The Lyrid meteor shower, named after the constellation Lyra, will peak on the night of April 21 and last into the early morning hours on April 22 in the Northern Hemisphere.
At its peak, patient observers will be able to spot anywhere between 10 and 15 meteors per hour, but throughout its long history, astronomers have noted rare outbursts of up to 100 meteors per hour.
The most recent recorded outburst of 100 meteors was recorded in the United States in 1982. In 1945, Japanese observers saw about 100 meteors in an hour, and before that, Greek observers recorded the same number in 1922.
Observations of the Lyrid meteor shower have even been recorded in historical Chinese texts more than 2,500 years ago, making this one of the oldest known meteor showers.
All these meteors are debris from the comet C/1861 G1 Thatcher, and each spring, the Earth’s orbit crosses through the orbital path of this comet. The comet itself takes about 415 years to orbit around the sun, and the last time it was visible in our solar system was in 1861.
Increase Your Chances Of Seeing The Lyrid Meteor Shower
As with any meteor shower, observers aren’t guaranteed to see something. There are things you can do, however, to increase your chances.
Start by finding a spot far away from city lights. Bright lights can make it more difficult to see anything in the night sky, especially a fleeting shooting star.
With the right location in mind, plan on arriving at least 30 minutes early to let your eyes adjust to the darkness.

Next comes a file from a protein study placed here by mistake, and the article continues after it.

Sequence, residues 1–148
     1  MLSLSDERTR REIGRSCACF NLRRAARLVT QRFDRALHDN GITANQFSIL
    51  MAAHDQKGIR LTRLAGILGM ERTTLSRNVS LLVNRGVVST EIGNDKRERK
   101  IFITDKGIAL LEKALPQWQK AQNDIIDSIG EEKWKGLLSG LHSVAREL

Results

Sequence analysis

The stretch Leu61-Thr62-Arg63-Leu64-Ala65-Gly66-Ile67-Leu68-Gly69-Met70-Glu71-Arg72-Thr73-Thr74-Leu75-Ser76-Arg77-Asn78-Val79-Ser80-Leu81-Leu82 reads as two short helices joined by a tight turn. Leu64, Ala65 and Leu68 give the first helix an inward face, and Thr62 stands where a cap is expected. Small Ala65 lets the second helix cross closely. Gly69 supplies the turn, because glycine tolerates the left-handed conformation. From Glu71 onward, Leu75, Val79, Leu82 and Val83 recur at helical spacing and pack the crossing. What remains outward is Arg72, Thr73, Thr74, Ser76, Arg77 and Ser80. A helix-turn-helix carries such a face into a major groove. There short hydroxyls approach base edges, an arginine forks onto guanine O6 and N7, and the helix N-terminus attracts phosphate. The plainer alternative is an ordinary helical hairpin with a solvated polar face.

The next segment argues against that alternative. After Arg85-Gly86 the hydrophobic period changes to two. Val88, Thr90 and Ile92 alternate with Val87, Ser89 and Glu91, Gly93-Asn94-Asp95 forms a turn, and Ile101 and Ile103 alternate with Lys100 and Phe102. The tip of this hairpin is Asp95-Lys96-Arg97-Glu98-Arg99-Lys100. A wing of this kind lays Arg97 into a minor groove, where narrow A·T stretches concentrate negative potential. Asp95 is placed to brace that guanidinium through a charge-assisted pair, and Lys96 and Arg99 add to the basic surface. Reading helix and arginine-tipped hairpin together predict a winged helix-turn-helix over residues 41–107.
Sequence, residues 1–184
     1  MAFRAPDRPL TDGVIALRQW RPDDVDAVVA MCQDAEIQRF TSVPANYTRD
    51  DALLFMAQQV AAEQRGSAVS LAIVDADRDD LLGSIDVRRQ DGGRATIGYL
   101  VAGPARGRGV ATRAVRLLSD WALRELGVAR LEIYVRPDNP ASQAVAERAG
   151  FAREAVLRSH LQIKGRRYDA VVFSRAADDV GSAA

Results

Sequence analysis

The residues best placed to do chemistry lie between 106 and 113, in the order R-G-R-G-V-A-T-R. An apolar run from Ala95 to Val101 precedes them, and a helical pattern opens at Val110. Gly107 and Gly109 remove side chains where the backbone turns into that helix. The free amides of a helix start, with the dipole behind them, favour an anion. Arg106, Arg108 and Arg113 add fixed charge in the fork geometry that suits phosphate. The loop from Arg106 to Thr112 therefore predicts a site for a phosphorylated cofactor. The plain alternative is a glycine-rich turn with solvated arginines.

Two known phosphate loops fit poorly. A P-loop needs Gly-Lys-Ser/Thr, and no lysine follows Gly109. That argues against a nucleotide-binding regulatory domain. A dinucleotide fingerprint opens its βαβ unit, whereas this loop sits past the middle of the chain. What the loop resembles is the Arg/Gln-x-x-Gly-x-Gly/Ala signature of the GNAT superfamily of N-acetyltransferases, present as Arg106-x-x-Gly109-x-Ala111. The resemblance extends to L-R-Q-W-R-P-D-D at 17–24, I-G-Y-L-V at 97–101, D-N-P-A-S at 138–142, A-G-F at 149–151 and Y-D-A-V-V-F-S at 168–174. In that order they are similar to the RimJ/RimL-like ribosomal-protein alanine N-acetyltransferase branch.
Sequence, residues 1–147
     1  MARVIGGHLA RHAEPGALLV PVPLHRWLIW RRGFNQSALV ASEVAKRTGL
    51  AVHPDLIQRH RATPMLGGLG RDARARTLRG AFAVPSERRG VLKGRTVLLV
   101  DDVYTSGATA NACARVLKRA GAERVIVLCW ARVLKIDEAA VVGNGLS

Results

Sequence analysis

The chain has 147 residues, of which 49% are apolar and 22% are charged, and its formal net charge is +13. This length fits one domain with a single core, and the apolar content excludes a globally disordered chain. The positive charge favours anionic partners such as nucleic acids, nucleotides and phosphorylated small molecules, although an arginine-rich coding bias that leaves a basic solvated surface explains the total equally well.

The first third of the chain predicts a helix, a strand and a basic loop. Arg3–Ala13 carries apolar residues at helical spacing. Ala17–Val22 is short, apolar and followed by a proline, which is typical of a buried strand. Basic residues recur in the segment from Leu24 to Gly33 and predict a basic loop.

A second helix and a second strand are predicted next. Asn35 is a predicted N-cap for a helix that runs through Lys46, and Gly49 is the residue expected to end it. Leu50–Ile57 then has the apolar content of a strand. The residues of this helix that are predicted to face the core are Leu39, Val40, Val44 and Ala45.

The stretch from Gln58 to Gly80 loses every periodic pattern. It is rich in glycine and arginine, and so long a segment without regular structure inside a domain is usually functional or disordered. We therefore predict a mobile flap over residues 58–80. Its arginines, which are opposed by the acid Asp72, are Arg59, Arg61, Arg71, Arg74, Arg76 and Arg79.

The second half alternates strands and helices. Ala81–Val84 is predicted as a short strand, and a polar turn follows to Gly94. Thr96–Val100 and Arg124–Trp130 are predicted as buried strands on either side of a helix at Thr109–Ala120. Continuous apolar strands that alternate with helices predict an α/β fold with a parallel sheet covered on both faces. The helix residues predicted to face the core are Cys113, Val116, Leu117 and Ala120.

Next, make sure you’re looking in the right direction. Lyrid meteors radiate from a point near the bright star Vega in the constellation Lyra the Harp, which can first be seen low in the northeast sky beginning at about 10 p.m.
This is the earliest anyone will be able to spot a meteor, but viewing will become easier and chances will increase as the night progresses because the radiant point moves higher in the sky.
Shortly after midnight, the radiant point will be roughly 30 degrees from the horizon, and in more of an easterly direction.
The early morning hours on April 22 will likely offer the best chance to spot some of the Lyrid meteor shower thanks to darker conditions.
Close to 4 a.m. local time, the moon will set, giving watchers a darker sky to spot the final meteors before sunrise. At this time, look to the east and about 70 degrees from the horizon to find the rising radiant point.
The First Meteor Shower Of Spring
The Lyrids are the first major meteor shower of the new season, which is another reason this meteor shower is so tempting.
As long as the night sky cooperates and the clouds stay away, temperatures are significantly warmer when compared to trying to spot meteors in the winter season.
After the Lyrids, skywatchers have the Eta Aquariids to look forward to in May before the summertime Delta Aquariids and Perseids.